# PEP 276 Simple Iterator for ints (fwd)

David Eppstein eppstein at ics.uci.edu
Mon Dec 10 20:41:30 CET 2001

```In article <3C150188.C31AC4B8 at ccvcorp.com>,
Jeff Shannon <jeff at ccvcorp.com> wrote:

> (I still strongly dislike the proposed notation, though....  Maybe
> it's a style thing--I'd usually much rather have a clear function call
> than clever operator tricks.)

The two objections I have to the current "clear function call" (range and
friends) are first, you can't understand it unless you crack that manual
and have it tell you what the arguments mean and what the difference is
between range and xrange, which is no good for writing code that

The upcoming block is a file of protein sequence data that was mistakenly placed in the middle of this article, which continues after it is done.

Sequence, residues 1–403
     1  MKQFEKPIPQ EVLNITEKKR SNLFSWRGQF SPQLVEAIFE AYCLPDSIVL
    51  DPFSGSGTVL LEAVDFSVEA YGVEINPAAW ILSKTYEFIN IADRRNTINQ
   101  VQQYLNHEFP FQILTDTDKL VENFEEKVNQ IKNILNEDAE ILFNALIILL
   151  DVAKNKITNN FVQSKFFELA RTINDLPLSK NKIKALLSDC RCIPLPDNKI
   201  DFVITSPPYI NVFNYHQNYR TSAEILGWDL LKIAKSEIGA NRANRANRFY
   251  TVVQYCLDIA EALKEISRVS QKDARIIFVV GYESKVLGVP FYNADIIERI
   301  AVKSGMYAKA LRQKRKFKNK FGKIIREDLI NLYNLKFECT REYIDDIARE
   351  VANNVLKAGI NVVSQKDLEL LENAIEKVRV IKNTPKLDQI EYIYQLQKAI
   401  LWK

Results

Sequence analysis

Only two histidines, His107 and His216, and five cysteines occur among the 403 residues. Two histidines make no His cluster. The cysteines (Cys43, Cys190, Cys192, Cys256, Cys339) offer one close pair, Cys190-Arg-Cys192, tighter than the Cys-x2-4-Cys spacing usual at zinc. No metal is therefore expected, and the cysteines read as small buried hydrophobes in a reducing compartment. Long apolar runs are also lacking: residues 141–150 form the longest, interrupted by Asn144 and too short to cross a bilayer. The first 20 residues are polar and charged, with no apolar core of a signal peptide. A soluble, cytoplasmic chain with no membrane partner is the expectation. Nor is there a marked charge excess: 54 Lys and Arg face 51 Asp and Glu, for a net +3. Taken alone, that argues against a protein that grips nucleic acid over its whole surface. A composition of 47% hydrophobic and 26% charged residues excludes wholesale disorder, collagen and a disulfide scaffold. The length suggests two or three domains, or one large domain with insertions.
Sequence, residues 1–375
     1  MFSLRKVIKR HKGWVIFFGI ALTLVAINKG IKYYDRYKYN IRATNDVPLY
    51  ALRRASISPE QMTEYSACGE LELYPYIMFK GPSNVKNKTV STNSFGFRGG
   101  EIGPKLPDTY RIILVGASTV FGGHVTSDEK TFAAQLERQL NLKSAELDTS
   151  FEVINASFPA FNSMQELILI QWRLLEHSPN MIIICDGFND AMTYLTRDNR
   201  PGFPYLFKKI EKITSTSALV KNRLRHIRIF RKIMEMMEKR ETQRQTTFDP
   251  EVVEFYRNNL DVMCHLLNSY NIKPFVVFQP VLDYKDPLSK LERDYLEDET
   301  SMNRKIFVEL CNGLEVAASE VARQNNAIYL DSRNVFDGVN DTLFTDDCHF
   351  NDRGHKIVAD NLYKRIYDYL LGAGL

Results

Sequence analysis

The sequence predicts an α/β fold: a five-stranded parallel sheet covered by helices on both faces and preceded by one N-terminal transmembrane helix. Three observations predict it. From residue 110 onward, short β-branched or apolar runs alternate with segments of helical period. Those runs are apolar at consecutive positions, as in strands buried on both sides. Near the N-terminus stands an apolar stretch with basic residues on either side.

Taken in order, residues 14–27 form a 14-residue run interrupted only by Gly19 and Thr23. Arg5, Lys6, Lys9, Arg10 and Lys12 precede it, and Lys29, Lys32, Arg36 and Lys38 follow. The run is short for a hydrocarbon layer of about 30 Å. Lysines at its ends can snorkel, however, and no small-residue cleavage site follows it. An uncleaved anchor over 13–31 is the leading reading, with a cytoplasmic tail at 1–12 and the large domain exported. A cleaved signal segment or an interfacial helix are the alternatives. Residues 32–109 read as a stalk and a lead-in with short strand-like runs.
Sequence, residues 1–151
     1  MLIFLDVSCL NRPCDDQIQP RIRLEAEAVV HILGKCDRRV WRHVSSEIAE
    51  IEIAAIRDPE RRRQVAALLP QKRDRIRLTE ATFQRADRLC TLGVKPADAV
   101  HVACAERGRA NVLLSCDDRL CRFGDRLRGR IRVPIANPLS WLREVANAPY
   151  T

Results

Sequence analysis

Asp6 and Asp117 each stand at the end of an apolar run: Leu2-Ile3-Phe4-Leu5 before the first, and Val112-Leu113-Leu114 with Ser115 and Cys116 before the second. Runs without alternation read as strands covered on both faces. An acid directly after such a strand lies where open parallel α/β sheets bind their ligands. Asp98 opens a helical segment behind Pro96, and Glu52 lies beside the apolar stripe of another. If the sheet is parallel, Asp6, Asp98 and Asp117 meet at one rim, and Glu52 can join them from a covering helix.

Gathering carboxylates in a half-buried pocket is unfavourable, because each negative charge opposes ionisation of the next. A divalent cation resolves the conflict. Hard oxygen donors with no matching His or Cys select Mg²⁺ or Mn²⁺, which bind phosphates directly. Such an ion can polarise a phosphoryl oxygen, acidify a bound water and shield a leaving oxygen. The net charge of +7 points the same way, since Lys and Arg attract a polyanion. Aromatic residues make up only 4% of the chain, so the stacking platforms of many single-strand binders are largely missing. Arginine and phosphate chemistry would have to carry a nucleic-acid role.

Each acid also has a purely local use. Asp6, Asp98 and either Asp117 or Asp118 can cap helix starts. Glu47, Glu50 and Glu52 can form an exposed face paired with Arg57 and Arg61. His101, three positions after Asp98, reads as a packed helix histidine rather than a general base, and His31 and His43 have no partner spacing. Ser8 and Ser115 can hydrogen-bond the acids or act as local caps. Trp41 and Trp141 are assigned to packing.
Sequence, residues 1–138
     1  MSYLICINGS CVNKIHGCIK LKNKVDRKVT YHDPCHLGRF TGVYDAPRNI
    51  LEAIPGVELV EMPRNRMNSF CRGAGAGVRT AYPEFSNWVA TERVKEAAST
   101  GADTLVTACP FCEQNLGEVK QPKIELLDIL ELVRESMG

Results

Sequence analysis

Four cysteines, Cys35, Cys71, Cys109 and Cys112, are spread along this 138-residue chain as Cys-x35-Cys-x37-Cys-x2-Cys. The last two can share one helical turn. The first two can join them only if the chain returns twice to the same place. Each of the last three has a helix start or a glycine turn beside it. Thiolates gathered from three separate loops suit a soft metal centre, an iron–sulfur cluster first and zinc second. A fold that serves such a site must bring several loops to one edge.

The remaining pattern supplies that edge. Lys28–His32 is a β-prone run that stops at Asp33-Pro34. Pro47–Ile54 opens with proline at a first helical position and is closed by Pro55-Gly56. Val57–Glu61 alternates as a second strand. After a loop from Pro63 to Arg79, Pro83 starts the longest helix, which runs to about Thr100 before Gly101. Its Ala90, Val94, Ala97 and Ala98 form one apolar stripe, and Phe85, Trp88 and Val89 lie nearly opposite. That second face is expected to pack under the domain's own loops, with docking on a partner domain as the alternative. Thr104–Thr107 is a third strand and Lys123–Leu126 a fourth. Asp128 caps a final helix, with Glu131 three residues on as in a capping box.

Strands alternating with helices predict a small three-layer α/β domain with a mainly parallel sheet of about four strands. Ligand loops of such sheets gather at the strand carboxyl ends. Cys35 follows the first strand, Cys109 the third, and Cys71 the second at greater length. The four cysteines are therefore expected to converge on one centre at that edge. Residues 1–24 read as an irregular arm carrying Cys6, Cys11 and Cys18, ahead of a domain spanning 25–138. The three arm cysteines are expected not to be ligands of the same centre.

non-Python-literate programmers can quickly and easily understand, and
second, even for Pythonists, it doesn't lead to clear code unless what you
need is half-open-on-the-right intervals with integer bounds, which only
cover some of the uses of range.

For example, suppose you want to loop over the set of integers i satisfying
x <= i < y (the usual half-open interval), but you need them in reverse
order, and x and y may be non-integer.  As far as I can tell, the "one
right way" of doing this is
import math
for i in range(int(math.ceil(y-1)),int(math.ceil(x-1)),-1): ...
Despite having some idea how range works I checked this in the interpreter
and had to correct multiple mistakes: forgot the "math.", misspelled "ceil"
as "ceiling", and incorrectly used floor(x+1) instead of ceil(x-1) in the
second argument. And there's still a possible bug when integer unification
comes around and makes long an acceptable argument for a range. This is a
"clear function call" compared to
for y > i >= x: ...
?
--
David Eppstein       UC Irvine Dept. of Information & Computer Science
eppstein at ics.uci.edu http://www.ics.uci.edu/~eppstein/

```